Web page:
AUSTIN (KXAN) — Environmental advocates blasted a Gov. Abbott appointee over a “conflict of interest” on a small pipeline vote in east Texas.
The Texas Parks and Wildlife Commission called in extra game wardens and state troopers as shouting protesters interrupted their Austin public meeting several times. Protesters had their sights on Commissioner Kelcy Warren, the oil magnate behind the Dakota Access Pipeline, who recused himself from a smaller pipeline vote Thursday afternoon.
The issue at hand at the Parks and Wildlife Commission meeting was approving a petro-chemical pipeline easement through JD Murphree Wildlife Management Area near Port Arthur. The vote was tabled after Warren and Commissioner Ana Galo both said they had too many ties to the vote.
Protesters chanted all morning, drawing a connection between this vote in Texas and the fight over the nearly $4 billion Dakota Access Pipeline. In North Dakota, the supporters of the Standing Rock Native American Reservation hold up construction of a oil pipeline going from North Dakota to other parts of the Midwest. The city of Bismarck was able to get the project moved earlier this year because water contamination concerns.
Warren is the CEO of Energy Transfer Partners, the company currently in a stand-off between the federal government and Native American supporters.
He has also donated hundreds of thousands of dollars to Gov. Greg Abbott, who appointed him to the Texas Parks and Wildlife Commission in 2015. The Governor’s Office did not return a request for comment on the “conflict of interest.”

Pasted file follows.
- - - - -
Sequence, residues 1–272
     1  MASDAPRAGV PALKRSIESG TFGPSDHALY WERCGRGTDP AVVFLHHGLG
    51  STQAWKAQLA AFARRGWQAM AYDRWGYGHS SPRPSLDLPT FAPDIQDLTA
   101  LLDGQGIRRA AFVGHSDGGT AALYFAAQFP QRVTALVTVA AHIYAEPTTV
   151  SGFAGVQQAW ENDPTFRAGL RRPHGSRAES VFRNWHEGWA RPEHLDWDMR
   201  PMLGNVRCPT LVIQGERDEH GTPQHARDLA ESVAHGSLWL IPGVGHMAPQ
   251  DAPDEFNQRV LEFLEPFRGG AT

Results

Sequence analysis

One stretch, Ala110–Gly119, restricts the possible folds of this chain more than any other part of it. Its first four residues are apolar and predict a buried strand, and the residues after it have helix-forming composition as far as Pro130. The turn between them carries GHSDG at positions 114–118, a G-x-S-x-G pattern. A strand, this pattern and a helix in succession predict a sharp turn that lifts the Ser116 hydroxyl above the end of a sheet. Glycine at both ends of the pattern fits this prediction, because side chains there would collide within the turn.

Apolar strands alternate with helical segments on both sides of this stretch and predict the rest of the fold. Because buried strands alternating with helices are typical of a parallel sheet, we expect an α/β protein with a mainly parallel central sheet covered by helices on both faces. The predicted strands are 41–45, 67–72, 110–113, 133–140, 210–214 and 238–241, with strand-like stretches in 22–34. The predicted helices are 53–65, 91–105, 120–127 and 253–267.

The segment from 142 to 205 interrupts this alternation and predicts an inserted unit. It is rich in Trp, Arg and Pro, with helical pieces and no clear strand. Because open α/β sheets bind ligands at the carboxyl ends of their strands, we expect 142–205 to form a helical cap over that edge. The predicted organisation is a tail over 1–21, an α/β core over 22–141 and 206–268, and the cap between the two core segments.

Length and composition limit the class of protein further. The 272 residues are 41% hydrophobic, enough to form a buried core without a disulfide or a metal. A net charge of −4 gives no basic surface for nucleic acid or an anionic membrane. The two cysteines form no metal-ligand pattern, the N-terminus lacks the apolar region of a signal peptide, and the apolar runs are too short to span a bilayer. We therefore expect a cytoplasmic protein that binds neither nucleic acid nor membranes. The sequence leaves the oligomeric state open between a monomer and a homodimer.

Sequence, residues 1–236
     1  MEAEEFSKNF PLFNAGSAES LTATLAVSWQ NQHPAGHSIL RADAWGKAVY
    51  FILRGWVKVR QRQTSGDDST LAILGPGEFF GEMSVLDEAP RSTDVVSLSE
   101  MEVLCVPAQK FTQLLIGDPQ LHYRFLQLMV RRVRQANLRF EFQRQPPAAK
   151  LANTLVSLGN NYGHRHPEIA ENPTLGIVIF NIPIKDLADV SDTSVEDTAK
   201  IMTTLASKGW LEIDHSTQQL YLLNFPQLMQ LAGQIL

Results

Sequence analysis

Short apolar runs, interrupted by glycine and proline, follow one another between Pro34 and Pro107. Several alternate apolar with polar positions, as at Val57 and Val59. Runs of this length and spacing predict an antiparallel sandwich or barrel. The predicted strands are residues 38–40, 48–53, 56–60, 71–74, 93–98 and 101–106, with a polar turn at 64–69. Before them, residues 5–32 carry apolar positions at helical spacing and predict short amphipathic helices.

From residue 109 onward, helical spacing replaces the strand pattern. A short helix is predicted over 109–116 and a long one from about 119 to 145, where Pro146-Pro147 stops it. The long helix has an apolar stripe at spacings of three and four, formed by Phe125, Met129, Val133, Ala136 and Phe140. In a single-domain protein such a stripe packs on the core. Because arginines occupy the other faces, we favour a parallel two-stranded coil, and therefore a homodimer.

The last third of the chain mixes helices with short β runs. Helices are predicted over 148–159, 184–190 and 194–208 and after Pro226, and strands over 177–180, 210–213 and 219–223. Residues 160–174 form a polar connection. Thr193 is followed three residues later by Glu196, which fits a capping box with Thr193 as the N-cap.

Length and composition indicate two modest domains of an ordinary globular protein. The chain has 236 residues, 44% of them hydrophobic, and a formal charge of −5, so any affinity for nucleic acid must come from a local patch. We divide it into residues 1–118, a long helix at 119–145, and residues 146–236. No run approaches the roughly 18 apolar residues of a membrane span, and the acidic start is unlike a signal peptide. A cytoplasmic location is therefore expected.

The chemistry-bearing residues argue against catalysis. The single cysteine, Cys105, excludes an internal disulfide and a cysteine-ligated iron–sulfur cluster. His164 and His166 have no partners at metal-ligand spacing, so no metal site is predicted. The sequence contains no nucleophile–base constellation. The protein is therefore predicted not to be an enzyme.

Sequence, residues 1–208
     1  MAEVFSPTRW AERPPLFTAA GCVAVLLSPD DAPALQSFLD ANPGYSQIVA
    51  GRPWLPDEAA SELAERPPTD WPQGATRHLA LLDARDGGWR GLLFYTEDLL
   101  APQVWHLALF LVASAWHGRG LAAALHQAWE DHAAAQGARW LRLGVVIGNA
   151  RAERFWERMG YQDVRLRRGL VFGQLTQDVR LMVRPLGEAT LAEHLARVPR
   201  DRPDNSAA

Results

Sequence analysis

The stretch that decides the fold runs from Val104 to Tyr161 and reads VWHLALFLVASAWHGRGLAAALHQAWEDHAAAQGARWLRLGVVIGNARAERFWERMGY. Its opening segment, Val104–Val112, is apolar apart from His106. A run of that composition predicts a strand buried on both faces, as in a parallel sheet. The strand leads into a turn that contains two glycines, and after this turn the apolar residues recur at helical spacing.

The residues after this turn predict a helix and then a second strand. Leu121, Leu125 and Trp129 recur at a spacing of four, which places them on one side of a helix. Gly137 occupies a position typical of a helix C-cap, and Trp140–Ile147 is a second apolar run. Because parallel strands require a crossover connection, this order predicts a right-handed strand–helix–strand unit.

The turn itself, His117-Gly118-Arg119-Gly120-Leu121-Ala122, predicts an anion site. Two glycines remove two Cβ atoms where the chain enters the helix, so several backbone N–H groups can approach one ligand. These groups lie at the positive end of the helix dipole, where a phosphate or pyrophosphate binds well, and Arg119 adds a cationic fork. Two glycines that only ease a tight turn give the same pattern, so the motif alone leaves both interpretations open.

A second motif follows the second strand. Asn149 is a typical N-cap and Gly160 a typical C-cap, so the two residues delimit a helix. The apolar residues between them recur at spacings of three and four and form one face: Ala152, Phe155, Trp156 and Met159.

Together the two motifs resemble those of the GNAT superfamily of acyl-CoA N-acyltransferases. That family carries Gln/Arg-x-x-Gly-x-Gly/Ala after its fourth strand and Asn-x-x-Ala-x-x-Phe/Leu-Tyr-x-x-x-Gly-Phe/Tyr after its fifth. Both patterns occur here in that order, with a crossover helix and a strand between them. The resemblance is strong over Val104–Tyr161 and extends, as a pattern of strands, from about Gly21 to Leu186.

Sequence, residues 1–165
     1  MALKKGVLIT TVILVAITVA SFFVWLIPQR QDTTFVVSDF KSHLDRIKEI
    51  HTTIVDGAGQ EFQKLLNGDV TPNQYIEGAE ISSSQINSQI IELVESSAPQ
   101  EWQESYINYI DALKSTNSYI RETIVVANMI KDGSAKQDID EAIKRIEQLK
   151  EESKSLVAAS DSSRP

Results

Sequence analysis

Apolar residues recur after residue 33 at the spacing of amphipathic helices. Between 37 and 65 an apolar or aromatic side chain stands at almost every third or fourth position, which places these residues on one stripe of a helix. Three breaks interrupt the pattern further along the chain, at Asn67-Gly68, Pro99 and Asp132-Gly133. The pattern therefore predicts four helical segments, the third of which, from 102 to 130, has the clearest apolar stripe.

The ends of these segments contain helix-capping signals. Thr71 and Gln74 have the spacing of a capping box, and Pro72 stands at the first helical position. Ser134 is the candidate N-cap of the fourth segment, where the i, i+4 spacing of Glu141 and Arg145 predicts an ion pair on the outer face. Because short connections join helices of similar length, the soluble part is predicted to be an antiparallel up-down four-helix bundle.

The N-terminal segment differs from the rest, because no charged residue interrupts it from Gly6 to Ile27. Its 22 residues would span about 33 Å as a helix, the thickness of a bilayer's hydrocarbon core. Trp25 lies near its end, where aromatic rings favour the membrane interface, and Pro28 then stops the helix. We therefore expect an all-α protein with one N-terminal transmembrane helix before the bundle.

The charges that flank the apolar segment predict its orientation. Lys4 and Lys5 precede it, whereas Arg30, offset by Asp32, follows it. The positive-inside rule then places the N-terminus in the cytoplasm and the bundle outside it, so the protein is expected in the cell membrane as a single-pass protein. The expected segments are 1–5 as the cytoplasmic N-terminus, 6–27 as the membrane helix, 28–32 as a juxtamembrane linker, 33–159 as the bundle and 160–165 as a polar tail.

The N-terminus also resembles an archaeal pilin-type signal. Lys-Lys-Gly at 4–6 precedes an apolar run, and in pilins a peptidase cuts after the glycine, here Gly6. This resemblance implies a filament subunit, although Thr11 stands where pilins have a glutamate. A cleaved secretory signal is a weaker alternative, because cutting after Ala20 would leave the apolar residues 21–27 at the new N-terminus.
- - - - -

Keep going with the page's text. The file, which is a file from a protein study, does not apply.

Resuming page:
“We can’t trust this commission as long as Kelcy Warren is sitting here at this dais,” Dr. Tane Ward from the Sierra Club told commissioners during the public comment period.
Several times people openly taunted Warren as speaker after speaker came to say it was a conflict of interest for him to vote on any pipeline. After a brief recess, Commissioner Galo came back and said her ranch had recent dealings with a business associated with the company asking for the easement. Then Commissioner Warren told the audience, “From what I’ve heard here today, I believe it would be appropriate for me to recuse myself also.”
Warren agreed to meet with a tribal leader to address other issues in connection to the pipeline in North Dakota. The Texas proposal will be re-worked and possibly brought up again later. “Work on the language of the proposal and then if we can make it work at our next scheduled commission meeting then we can put it on the agenda then,” said Josh Havens, the communication director of the Parks and Wildlife Commission.
Commissioner Warren declined to speak to us through a spokesperson. Warren’s company is also behind the Trans-Pecos pipeline in the Big Bend region.